A bootcamp is generally the option most people will turn to after giving self-taught a try. It’s cheaper than university, it’s more cost efficient than spending years learning on your own for “free”, and it’s a lot shorter (6 months) than a 4 year degree.

I attended a Web Development / Web Design bootcamp while also attending University for my Computer Science degree.

By far the biggest difference is the things you learn. Since bootcamps are generally 6 months long they only want to teach you the information absolutely necessary.

You won’t be learning to program in Java, Assembly language, or C because it’s not useful for web development. You’ll be using, and learning technologies you’ll actually be using on the job. Every bootcamp is different, but at Perpetual Education I learned HTML, CSS, PHP, WordPress, Javascript, and Vue in depth. You learn about web design, user experience, goal driven development, content hierarchy, and so much more. It’s literally listed right there on their website.

Conclusion

There’s only two reasons why I’d recommend getting a Computer Science Degree.

First, it looks good on your resume. When applying for a job it could give you that extra edge to get you an interview (but it wont get you a job).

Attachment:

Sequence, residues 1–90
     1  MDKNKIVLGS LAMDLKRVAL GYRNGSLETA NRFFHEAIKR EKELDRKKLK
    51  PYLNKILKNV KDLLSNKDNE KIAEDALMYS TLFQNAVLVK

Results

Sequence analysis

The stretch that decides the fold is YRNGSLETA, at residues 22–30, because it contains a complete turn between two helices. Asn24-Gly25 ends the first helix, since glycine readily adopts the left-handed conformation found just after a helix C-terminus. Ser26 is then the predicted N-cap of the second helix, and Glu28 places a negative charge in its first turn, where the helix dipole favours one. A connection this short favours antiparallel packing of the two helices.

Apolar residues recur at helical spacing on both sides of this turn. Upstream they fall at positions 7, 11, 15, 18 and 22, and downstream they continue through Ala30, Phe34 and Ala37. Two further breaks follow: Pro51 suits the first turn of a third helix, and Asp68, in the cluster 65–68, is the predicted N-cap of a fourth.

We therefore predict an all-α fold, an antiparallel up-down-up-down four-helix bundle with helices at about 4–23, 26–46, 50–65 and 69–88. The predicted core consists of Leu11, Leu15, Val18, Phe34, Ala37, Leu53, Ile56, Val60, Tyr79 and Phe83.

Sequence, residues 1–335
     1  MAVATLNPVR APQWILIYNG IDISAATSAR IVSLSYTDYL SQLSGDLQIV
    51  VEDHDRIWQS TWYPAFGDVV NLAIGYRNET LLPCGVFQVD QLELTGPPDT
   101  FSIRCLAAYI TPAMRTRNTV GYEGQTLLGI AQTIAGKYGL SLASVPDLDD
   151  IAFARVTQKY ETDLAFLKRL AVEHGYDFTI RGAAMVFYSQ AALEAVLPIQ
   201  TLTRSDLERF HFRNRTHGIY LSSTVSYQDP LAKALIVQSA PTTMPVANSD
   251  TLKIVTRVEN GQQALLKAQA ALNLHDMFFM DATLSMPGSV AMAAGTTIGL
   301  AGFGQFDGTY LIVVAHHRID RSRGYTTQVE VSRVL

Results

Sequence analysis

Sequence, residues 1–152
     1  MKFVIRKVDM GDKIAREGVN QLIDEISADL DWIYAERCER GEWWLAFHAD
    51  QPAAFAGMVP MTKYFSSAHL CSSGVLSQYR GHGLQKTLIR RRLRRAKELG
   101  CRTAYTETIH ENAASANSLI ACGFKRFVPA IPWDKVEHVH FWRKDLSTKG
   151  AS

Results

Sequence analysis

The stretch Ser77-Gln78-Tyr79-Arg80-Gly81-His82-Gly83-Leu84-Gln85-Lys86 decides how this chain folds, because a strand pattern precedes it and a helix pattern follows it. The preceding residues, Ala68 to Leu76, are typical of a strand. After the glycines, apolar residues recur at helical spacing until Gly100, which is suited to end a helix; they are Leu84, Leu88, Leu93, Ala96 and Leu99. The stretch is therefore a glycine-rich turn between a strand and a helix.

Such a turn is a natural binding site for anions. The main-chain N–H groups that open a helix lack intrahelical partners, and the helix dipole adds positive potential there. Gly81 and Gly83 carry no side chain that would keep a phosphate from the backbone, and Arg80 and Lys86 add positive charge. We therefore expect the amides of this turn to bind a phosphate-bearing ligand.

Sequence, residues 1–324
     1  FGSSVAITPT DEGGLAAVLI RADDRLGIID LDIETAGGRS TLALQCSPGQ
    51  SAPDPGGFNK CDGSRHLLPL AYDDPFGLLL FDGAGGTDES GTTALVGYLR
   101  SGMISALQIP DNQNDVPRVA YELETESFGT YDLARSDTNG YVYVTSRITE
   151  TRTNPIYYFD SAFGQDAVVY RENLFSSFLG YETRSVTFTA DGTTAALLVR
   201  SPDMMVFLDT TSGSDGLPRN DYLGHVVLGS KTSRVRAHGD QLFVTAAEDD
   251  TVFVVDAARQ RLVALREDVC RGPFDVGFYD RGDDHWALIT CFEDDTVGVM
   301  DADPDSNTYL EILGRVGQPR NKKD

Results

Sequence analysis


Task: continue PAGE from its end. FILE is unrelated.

Second, internships. If you can’t get an internship while getting your Computer Science degree then you are actively trying to not get one. There are resources upon resources given to you as a student that practically give you an internship.

There’s a service where if you pay them $100 while being a fulltime student they will find an internship for you.

Companies are practically begging University students to intern for them, and your University will have tons of resources to try and get you those internships. Career fairs, constant emails telling you about new opportunities, career center, etc.

Other than that, I really do not see a reason as to why you should get a Computer Science Degree over attending a bootcamp. If all you want to do is get into Web Development, a Computer Science degree is overkill. If all you want is a 100k a year job out of the gate, attending a good and not shitty bootcamp is cheaper, shorter, and uses technologies you’ll actually need to know on the job.

But, what do you think? This is just my personal experience from attending a coding bootcamp while simultaneously attending university for computer science.